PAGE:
1. Metabolic rate models and the substitutability of predator populations

    Microsoft Academic Search

    David R. Chalcraft; WILLIAM J. RESETARITS JR

    2004-01-01

    Summary 1. Much of the debate surrounding the consequences of biodiversity loss centres around the issue of whether different species are functionally similar in their effects on ecological processes. In this study, we examined whether populations consisting of smaller, more abundant individuals are functionally similar to populations of the same species with larger, fewer individuals. 2. We manipulated the biomass

  2. Modeling vital rates improves estimation of population projection matrices

    Microsoft Academic Search

    Kevin Gross; William F. Morris; Michael S. Wolosin; Daniel F. Doak

    2006-01-01

    Population projection matrices are commonly used by ecologists and managers to analyze the dynamics of stage-structured populations. Building projection matrices from data requires estimating transition rates among stages, a task that often entails estimating many parameters with few data. Consequently, large sampling variability in the estimated transition rates increases the uncertainty in the estimated matrix and quantities derived from it,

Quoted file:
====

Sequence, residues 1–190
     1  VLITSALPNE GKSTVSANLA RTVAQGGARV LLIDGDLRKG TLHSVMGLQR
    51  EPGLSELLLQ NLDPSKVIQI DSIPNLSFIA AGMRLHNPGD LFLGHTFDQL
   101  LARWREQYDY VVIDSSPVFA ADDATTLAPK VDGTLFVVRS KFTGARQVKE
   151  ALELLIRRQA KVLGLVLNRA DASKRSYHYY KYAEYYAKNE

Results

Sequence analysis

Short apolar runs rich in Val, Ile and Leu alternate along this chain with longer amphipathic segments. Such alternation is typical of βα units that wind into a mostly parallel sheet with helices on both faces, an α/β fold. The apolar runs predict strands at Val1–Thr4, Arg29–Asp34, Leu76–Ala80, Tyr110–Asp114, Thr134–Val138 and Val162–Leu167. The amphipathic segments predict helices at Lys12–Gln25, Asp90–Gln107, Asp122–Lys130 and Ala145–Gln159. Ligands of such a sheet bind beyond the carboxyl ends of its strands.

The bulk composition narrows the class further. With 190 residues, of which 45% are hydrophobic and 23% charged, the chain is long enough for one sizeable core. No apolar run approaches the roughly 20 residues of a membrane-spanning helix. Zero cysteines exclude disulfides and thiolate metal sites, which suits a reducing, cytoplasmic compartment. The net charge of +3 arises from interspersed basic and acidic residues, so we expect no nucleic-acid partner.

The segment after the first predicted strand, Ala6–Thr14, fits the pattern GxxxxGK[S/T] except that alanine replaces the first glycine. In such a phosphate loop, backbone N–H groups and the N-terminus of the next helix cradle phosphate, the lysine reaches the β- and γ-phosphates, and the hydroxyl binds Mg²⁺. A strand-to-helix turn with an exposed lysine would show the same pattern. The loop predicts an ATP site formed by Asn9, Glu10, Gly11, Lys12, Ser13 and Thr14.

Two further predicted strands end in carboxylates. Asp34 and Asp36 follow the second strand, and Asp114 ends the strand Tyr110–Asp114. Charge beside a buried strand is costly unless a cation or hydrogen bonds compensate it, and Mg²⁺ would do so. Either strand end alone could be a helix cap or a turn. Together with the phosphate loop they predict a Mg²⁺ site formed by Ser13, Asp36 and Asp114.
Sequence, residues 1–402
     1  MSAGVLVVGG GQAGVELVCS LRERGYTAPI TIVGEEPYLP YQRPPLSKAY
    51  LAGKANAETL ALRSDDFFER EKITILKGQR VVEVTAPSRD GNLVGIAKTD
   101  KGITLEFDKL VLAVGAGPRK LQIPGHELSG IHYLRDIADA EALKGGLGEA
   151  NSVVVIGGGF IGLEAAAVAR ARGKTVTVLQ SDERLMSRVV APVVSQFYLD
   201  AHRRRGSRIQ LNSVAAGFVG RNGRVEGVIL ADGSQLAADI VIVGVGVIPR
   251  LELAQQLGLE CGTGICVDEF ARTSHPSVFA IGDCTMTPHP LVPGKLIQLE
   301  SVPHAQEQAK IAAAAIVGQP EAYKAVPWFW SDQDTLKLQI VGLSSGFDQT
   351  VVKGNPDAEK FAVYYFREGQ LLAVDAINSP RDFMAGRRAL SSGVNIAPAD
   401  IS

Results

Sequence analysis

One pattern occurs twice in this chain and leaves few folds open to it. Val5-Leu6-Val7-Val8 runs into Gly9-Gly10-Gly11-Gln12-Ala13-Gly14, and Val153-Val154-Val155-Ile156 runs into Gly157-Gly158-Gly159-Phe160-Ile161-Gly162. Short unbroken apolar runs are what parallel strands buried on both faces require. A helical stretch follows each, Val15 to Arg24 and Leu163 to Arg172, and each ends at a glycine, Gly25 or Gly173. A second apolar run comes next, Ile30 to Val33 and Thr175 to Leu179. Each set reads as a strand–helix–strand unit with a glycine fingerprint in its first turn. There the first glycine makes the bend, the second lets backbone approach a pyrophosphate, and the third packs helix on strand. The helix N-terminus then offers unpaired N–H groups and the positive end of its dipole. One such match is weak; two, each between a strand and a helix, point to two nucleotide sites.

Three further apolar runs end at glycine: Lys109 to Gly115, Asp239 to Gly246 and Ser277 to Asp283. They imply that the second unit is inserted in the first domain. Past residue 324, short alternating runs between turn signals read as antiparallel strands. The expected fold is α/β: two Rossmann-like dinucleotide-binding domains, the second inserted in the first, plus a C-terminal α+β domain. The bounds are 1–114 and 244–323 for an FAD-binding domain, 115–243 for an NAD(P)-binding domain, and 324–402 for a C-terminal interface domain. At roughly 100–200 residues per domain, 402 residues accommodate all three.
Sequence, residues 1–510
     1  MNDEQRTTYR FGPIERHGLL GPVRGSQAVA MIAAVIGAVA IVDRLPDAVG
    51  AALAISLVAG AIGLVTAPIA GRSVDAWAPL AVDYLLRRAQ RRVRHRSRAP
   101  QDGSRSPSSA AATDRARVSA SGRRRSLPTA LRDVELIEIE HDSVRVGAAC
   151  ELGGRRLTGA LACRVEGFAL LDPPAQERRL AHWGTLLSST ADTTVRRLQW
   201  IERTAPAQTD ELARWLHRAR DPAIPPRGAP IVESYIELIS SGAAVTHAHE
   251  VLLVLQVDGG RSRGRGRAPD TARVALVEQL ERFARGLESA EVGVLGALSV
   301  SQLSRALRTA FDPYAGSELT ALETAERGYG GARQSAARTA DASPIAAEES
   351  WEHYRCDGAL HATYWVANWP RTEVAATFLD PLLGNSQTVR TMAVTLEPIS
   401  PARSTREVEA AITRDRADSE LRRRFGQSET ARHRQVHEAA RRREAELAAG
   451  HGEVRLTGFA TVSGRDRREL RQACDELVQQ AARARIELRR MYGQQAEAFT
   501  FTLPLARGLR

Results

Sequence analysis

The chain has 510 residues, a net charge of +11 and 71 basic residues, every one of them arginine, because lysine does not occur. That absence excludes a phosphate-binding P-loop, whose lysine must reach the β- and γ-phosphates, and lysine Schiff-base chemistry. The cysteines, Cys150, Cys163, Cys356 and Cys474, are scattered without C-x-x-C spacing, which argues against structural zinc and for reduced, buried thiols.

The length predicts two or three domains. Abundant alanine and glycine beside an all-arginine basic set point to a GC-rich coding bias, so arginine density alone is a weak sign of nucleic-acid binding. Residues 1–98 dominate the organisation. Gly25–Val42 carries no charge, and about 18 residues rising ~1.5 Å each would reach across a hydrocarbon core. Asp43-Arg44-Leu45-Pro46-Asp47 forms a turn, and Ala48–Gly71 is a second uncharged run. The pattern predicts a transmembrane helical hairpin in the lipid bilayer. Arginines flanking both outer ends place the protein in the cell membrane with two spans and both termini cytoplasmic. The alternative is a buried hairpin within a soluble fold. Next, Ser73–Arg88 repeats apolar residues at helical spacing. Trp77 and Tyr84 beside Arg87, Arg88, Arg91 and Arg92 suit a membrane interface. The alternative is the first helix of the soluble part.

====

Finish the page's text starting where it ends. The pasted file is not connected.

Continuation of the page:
3. Modeling Grade IV Gas Emboli using a Limited Failure Population Model with Random Effects

    NASA Technical Reports Server (NTRS)

    Thompson, Laura A.; Conkin, Johnny; Chhikara, Raj S.; Powell, Michael R.

    2002-01-01

    Venous gas emboli (VGE) (gas bubbles in venous blood) are associated with an increased risk of decompression sickness (DCS) in hypobaric environments. A high grade of VGE can be a precursor to serious DCS. In this paper, we model time to Grade IV VGE considering a subset of individuals assumed to be immune from experiencing VGE. Our data contain monitoring test results from subjects undergoing up to 13 denitrogenation test procedures prior to exposure to a hypobaric environment. The onset time of Grade IV VGE is recorded as contained within certain time intervals. We fit a parametric (lognormal) mixture survival model to the interval-and right-censored data to account for the possibility of a subset of "cured" individuals who are immune to the event. Our model contains random subject effects to account for correlations between repeated measurements on a single individual. Model assessments and cross-validation indicate that this limited failure population mixture model is an improvement over a model that does not account for the potential of a fraction of cured individuals. We also evaluated some alternative mixture models. Predictions from the best fitted mixture model indicate that the actual process is reasonably approximated by a limited failure population model.